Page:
Butter Shortbread Petticoat Tails
1¼ cups unbleached all-purpose flour
½ cup cornstarch
¼ teaspoon salt*
½ cup granulated sugar, plus more for sprinkling on top of shortbread*
1 cup (8 ounces) cold Kerrygold Unsalted Butter, cut into ¾-inch pieces
*(If you use salted butter, cut the amount of salt in the recipe to 1/8 teaspoon.)
1 teaspoon vanilla extract
Heat the oven to 300 degrees. Have ready a 9-inch tart pan with a removable bottom. Sift the flour, cornstarch and salt into the large bowl of an electric mixer. Add the sugar and mix on low speed just to blend the ingredients, 15 seconds. With the mixer running, add the butter pieces and continue mixing until crumbs form and there is no loose flour, about 2 minutes. Add the vanilla, mixing until large clumps form that pull away from the side of the bowl, about 15 seconds.
Transfer the dough to the tart pan. Use the palm of your hand to press the dough evenly into the pan. Use a thin metal spatula to smooth the top.* The dough will be ½-inch thick. Use a fork to prick the dough at 2-inch intervals. Use a small sharp knife to mark 12 even wedge-shaped cookies. Bake the cookies until the top is light golden, about 1 hour. Immediately use a small sharp knife to cut completely through the marked wedges. Cool the shortbread thoroughly in the pan.* Remove the sides of the pan and separate the cookies. The cookies can be stored in a tightly covered container for up to 1 week. *Kitchen Ade note: It is easier to press the shortbread dough evenly into the pan if you first cover the dough with a piece of plastic wrap. If you use the plastic wrap, you will not have to smooth the top with a spatula. In addition, sprinkling the top of your shortbread with granulated sugar, white or colored, is a nice touch. Do it while the shortbread is still warm. Makes 12 large cookies.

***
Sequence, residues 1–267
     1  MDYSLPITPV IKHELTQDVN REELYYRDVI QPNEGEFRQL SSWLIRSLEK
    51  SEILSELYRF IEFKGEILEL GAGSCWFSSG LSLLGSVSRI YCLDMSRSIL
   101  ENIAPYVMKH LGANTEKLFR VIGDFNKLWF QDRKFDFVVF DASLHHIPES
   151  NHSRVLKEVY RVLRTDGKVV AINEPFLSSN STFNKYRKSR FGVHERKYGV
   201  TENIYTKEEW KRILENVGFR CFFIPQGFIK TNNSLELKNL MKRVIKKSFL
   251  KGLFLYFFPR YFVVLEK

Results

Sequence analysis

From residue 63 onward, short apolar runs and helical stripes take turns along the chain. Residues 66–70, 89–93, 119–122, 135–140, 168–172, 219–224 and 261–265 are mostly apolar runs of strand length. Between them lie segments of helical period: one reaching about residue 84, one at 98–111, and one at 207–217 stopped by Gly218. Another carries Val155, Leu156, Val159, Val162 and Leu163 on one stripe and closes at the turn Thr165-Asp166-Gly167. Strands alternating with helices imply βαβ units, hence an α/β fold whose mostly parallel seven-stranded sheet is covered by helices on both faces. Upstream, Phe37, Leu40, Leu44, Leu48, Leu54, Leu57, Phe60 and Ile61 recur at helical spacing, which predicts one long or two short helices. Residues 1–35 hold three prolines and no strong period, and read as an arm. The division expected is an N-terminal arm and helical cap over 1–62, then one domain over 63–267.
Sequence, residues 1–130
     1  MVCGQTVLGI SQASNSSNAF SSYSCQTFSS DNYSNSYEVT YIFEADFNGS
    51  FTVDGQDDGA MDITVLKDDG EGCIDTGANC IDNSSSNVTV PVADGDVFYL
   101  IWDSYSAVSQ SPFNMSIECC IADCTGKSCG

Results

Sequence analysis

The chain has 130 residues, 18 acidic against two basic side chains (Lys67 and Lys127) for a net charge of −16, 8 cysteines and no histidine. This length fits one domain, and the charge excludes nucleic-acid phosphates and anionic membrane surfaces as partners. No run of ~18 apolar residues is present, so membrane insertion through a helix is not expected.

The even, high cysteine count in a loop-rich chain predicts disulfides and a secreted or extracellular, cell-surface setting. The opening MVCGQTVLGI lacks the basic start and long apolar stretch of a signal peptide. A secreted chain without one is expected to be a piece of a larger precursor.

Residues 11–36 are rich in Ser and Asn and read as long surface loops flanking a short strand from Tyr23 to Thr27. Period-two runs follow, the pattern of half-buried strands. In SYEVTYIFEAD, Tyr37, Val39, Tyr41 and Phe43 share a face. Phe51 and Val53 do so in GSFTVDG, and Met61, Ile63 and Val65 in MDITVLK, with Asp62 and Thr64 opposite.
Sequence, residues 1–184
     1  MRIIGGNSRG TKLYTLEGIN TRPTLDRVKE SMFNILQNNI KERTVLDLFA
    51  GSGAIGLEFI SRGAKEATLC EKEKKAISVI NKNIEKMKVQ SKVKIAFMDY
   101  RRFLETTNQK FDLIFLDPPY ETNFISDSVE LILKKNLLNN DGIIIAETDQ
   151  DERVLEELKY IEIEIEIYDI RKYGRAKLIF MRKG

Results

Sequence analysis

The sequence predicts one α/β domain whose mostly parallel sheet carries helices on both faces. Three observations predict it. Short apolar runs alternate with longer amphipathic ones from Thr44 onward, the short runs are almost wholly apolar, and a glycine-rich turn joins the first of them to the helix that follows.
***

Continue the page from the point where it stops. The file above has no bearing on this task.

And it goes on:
Good Pan Shortbread
1 cup (2 sticks) butter, softened
1½ cups King Arthur All-Purpose Flour (spoon flour into measuring cup, then level with the flat end of a knife)
2/3 cup confectioners’ sugar (dip measuring cup into sugar, then level with the flat end of a knife)
½ cup cornstarch (dip measuring cup into cornstarch, then level with the flat end of a knife)
Granulated sugar for sprinkling on top of shortbread
Combine the flour with the cornstarch and set aside. In a medium-sized bowl, cream the butter and sugar with an electric mixer set to medium speed. Lowering the speed of the mixer, add the flour/cornstarch mixture, mixing until a dough is formed. Press the dough evenly into a 9 x 9 x 2-inch baking pan, then prick all over with a fork. Bake for 50 to 55 minutes in a preheated 300-degree oven until top is a light golden brown. While shortbread is still warm, sprinkle with granulated sugar. Cool slightly, then cut into 12 to 16 pieces.
Kitchen Ade note: always cut your shortbread while it is warm. If you attempt to cut your shortbread after it is cooled, it will crumble.
Acknowledgement: for the purpose of this recipe, King Arthur Flour’s heavy-duty 9 x 9 x 2-inch baking pan was used. Made exclusively for King Arthur Flour, by USA Pans, the pan is coated with Americoat, a clear, non-stick, non-toxic, environmentally friendly coating that is specially formulated for superior baking. The unique corrugated surface provides air circulation all around, for better browning, more even baking, and perfect release. The pan also carries a lifetime warranty. For information, visit www.kingarthurflour.com or call 1-800-827-6836.